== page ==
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Agnes Grey (Barnes & Noble Classics Series) (original 1847; edition 2005)

by Anne Bronte, Fred Schwarzbach (Introduction)

MembersReviewsPopularityAverage ratingConversations / Mentions
3,004811,900 (3.57)2 / 313
Member:bleached
Title:Agnes Grey (Barnes & Noble Classics Series)
Authors:Anne Bronte
Other authors:Fred Schwarzbach (Introduction)
Info:
Collections:Your library, Recommended
Rating:****
Tags:Fiction, Governess, 19th century, England, Bronte, Classic, Society, Love

Work details

Agnes Grey by Anne Brontë (1847)

  1. 80
    Jane Eyre by Charlotte Brontë (Medellia)
  2. 70
    Mansfield Park by Jane Austen (Medellia)
    Medellia: Both books have sweet, shy, thoroughly virtuous protagonists, if you're a fan of that sort of character. (I am, and loved both novels!)
  3. 20
    Persuasion (Norton Critical Edition) by Jane Austen (kiwiflowa)
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English (77)  French (2)  Finnish (1)  Spanish (1)  All languages (81)
Showing 1-5 of 77 (next | show all)
a realistic & plain love story. The main character is normal and there isn't anything extravagant about the whole thing. Which makes this book a very nice read, it's a nice change to all the drama filled romance novels you find today.
It was charming & wonderful. ( )
  lisa.isselee | Sep 26, 2014 |
I ended up enjoying this book. At first I thought Agnes was pretty annoying - self-righteous and a little full of herself. But two things changed this for me. One was that I embraced the concept that this was sort of a diary-style book and realized that Agnes was being very honest the whole time with her opinions and observations. I thought about how when I kept a diary in high school how awful a lot of the things I wrote were! When you really think no one's reading something like that all sorts of things come out. Second, as Agnes experiences more of the world, she becomes a better person. So that made the book more enjoyable as you get further in.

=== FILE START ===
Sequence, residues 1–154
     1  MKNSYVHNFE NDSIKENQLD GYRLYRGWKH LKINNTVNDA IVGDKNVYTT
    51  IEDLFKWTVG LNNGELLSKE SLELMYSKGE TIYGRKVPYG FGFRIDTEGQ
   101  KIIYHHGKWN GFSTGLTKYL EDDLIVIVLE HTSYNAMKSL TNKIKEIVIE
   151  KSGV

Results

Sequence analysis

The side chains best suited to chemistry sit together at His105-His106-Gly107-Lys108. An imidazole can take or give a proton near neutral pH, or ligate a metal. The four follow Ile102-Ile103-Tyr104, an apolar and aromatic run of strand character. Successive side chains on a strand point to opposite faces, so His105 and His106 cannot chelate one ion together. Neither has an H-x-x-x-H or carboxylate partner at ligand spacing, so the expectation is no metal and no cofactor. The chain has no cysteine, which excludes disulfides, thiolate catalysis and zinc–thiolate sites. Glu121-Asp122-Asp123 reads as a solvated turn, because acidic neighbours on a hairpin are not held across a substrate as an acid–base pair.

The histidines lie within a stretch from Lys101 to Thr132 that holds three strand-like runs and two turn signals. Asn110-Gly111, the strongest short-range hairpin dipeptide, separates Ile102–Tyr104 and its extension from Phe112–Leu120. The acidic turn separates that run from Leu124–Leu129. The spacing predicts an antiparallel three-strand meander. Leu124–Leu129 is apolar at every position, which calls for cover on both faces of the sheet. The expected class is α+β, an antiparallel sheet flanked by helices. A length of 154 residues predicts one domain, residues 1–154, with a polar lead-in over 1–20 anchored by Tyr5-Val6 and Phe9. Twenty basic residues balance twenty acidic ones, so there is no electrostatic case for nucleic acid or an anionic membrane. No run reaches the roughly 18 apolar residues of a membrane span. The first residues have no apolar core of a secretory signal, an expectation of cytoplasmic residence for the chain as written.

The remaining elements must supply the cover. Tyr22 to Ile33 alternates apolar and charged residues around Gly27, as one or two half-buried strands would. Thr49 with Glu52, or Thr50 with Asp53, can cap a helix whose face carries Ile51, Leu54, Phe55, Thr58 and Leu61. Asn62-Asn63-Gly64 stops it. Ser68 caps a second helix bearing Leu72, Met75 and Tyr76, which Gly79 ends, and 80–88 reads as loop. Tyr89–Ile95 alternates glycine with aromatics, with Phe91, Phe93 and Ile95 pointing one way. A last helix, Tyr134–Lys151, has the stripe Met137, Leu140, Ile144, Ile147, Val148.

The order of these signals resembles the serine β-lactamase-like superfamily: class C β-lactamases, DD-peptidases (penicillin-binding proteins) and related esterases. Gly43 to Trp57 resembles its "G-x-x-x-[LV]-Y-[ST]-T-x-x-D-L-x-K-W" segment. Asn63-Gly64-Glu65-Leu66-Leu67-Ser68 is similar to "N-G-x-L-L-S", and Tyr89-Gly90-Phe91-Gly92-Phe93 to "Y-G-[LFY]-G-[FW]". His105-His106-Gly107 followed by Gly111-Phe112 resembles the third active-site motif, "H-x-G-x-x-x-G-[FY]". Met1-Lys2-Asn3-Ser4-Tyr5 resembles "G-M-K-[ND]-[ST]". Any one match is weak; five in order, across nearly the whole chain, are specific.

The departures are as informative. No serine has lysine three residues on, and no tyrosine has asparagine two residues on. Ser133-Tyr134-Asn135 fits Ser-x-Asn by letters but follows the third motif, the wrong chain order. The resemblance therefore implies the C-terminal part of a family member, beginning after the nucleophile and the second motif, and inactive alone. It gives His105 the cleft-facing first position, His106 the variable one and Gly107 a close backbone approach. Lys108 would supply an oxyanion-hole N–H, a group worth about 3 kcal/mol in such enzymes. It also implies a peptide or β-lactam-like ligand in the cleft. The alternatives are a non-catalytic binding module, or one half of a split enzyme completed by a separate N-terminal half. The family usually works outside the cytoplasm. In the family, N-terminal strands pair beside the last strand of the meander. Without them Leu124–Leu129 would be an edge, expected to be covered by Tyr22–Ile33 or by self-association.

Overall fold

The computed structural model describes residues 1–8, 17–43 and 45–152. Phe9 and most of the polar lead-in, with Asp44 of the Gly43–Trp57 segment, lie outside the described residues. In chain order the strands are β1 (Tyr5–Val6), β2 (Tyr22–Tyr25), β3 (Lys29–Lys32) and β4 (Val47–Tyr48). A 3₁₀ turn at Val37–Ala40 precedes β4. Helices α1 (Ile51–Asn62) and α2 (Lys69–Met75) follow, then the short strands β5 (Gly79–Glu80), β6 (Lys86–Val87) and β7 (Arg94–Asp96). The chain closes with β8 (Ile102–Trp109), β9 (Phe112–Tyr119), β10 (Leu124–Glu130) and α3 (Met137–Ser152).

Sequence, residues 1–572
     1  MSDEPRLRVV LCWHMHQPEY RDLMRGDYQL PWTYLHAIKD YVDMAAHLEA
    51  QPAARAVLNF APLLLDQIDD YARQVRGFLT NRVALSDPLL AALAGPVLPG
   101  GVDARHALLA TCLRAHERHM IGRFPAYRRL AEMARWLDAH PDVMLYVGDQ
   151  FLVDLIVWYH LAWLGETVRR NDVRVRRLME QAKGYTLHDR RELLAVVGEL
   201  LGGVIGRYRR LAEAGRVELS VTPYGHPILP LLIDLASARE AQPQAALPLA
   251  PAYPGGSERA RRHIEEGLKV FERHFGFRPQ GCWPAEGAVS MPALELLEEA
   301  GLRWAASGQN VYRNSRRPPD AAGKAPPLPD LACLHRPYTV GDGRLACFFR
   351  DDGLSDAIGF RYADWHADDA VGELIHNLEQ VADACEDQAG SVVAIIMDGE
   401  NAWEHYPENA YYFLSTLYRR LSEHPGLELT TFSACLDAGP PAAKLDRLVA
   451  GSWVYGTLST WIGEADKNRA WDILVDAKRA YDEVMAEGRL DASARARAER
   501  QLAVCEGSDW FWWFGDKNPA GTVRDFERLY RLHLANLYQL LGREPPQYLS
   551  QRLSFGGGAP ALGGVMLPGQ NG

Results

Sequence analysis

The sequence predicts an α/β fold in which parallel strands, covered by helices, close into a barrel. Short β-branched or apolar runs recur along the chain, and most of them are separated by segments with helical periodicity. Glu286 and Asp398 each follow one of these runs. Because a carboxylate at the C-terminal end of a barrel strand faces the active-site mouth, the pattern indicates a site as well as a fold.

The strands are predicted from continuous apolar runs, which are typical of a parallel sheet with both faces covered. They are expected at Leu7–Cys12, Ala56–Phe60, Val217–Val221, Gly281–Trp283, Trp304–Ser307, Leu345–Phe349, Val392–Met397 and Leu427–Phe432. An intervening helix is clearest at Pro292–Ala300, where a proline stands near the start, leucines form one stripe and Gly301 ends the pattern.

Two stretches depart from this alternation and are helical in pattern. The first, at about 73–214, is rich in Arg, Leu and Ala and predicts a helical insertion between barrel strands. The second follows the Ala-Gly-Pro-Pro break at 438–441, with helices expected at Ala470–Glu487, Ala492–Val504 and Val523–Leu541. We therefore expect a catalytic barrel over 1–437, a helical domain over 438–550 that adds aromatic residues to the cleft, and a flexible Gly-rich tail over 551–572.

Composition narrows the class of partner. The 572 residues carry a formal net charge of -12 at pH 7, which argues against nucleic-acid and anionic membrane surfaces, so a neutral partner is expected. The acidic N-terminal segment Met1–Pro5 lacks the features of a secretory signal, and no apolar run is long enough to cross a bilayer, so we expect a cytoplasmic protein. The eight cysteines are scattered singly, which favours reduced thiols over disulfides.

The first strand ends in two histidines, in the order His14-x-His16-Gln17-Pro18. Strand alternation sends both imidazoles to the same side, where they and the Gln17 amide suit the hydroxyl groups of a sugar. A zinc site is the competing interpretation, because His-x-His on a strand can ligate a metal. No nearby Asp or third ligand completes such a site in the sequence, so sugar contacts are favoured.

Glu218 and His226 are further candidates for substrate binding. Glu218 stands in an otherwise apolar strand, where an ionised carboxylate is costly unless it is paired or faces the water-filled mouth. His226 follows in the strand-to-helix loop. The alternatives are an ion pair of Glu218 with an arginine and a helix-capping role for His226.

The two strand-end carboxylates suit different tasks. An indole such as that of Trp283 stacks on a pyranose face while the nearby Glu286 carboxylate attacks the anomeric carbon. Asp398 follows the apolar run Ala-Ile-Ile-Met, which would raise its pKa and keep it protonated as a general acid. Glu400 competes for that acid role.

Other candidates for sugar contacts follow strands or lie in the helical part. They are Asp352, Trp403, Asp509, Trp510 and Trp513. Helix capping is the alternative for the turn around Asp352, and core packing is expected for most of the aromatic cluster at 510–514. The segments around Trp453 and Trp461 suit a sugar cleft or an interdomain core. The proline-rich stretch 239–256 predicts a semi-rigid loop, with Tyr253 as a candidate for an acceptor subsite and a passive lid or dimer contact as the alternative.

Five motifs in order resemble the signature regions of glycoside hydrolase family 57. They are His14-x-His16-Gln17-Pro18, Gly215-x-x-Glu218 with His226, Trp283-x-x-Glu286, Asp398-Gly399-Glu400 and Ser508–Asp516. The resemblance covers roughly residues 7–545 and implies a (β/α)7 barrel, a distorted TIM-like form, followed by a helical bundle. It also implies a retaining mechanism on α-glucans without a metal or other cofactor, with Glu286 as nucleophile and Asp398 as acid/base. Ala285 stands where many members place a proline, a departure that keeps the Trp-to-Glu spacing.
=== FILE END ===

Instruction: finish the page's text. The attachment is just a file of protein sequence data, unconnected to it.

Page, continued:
Overall, this book was not earth-shattering, but it was enjoyable and I will definitely try The Tenant of Wildfell Hall soon since I've heard it's the better book of Anne Bronte's. ( )
  japaul22 | Aug 7, 2014 |
Anne seems to be the forgotten Bronte, and while I liked this book as a change of pace from the outright melodramas and romances that Charlotte and Emily wrote, it really wasn't up to snuff with my expectations, I guess. ( )
  marthaearly | Jun 6, 2014 |
A fine portrayal of 1800's Victorian England and its patriarchal society. Agnes Grey is a woman with unlimited resilience, virtue, surviving the upper class arrogance and communal values of this era. Great insight into the position of women at this time as well as class distinction not to mention the occupation of governess. Very pleasing and likable read. ( )
  Melinda_H | Apr 22, 2014 |
A fine portrayal of 1800's Victorian England and its patriarchal society. Agnes Grey is a woman with unlimited resilience, virtue, surviving the upper class arrogance and communal values of this era. Great insight into the position of women at this time as well as class distinction not to mention the occupation of governess. Very pleasing and likable read. ( )
  Melinda_H | Apr 22, 2014 |
Showing 1-5 of 77 (next | show all)
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» Add other authors (26 possible)

Author nameRoleType of authorWork?Status
Brontë, Anneprimary authorall editionsconfirmed
May, NadiaReadermain authorsome editionsconfirmed